Writing the Unconscious: What happened after I finished Novel 1


We are constantly telling stories. The unconscious wants coherence.  And so we fill the spaces with narrative.

Beginning, middle, end.

I have to stop myself, sometimes. I catch the writer in me wanting a midpoint. A moment of dramatic reversal. 

A year ago, with the help of a wonderful developmental editor, I finished writing my first novel. I remember her asking me afterwards if I missed my characters. How I felt about all that work and then the moving on.

In all honesty it was a relief. The novel had started to feel like an albatross around my neck, preventing me from exploring other forms.

After I was done, I queried literary agents and came across tons of brilliant resources for querying writers,

like this video: 

and this blogpost

and this podcast.

I spoke to family and friends, I gathered my strength and sent out around 20 queries.

I waited.

But no one took the bait.

I did however receive some valuable feedback from one agency, the people who represent Damian Le Bas who wrote the The Stopping Places *

My novel is set in modern (and 1960s) Spain with a cast of almost entirely Spanish characters. 

The agency said they’d enjoyed my writing but didn’t think they could sell this book to a UK audience. They asked me to send them the next one once it’s written. Two other UK agencies responded similarly.  (Gimme a sec, I felt like saying, I’ll just whip one I made earlier out from a drawer!)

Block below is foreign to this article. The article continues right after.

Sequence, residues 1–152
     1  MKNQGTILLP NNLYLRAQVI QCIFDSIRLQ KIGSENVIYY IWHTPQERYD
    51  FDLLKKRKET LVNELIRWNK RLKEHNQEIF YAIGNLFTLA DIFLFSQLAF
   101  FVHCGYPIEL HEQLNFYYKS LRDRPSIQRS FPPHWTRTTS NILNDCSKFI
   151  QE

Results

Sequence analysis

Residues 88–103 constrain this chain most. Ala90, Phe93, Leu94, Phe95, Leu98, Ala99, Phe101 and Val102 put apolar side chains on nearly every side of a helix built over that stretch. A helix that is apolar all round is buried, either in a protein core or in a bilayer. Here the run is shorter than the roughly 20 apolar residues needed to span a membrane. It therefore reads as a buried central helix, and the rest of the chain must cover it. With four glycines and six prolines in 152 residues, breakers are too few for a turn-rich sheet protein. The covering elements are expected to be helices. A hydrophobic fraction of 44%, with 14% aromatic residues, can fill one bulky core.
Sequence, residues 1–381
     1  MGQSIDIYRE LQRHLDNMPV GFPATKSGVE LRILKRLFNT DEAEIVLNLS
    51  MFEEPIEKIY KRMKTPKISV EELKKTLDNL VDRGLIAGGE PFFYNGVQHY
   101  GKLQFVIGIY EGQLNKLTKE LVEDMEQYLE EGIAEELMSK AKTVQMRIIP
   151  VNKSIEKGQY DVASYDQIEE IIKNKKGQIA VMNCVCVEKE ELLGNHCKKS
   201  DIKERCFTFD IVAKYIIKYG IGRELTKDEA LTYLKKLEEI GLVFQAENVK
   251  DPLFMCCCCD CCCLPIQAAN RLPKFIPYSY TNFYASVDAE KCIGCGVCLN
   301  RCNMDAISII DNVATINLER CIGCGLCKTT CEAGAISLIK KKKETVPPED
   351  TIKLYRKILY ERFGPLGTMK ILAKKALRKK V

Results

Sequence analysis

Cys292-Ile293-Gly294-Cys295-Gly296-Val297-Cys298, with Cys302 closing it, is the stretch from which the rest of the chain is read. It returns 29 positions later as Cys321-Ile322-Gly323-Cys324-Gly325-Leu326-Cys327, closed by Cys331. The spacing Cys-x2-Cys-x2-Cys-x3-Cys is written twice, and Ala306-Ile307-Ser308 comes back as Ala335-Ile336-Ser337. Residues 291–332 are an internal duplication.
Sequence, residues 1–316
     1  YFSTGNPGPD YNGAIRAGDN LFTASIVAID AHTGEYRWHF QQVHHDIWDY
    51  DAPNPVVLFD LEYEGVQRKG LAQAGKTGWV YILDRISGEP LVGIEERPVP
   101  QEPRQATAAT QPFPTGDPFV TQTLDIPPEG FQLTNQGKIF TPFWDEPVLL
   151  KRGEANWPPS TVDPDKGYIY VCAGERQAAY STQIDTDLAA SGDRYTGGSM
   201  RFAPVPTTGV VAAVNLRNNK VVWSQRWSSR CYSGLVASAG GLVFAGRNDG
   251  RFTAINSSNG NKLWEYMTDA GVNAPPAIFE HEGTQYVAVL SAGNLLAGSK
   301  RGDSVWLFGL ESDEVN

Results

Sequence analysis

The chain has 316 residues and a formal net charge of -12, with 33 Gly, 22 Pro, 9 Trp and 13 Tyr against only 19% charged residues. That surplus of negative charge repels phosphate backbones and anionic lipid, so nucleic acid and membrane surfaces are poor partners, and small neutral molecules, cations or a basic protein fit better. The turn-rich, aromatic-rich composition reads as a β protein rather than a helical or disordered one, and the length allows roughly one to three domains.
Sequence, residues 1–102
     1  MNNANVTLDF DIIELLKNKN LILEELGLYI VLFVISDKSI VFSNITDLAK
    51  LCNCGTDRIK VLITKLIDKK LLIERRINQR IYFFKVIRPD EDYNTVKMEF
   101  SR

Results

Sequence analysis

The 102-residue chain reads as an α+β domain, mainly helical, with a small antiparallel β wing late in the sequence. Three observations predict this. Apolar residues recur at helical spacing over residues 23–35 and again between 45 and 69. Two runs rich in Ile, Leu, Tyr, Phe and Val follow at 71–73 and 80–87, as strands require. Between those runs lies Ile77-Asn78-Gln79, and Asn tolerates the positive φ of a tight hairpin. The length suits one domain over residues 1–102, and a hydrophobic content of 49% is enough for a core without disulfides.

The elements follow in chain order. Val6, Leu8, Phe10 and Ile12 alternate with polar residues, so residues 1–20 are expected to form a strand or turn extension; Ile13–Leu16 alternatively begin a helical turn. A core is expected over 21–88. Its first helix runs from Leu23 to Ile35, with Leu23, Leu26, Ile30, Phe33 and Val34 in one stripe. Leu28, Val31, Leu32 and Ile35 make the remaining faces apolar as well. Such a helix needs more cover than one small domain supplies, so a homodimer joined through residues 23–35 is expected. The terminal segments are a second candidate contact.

So, I stopped waiting for agency replies and started experimenting with poetry and short fiction.

Short stories are a technical challenge. A person can tinker with them for days or weeks, sometimes getting stuck on a paragraph or sentence where nothing seems to work. But I’ve found that if I show up day after day – if I keep going – the story, eventually rights itself, like a ship heading back on course.

The waves of my subconscious are calmer when I write. As I start on novel 2, the bulk of the work seems to happen when I leave my desk. The body moves and the mind loosens its grip. Some problems are practical: How old are my characters? How do they speak? Chunks of imagery or dialogue present themselves when I’m out walking or in a downward-facing dog. Words seem to dance through the mind like a song. 

Short story writing has taught me to be tight about sentences but a novel first draft is an outpouring that I try to let spill as it will. Listening hard to how my characters want to tell it because if I plan too much, I might just quash their flow. (This is a great resource from writer Lauren Sapala about keeping things alive and not dampening our ideas with too much preparation…)

I’ve set myself the goal of a messy first draft by Christmas. Readers of my blog, family and friends: please keep me accountable. 🙂

With love, as always



*(a memoir about growing up in the UK Gypsy community and the author’s revisiting of the ‘stopping places’ of his childhood. Incredible book! My stand-out read of the pandemic.)


Readers, writers, poets, actors, artists, what are you working on? Feel free to comment below…


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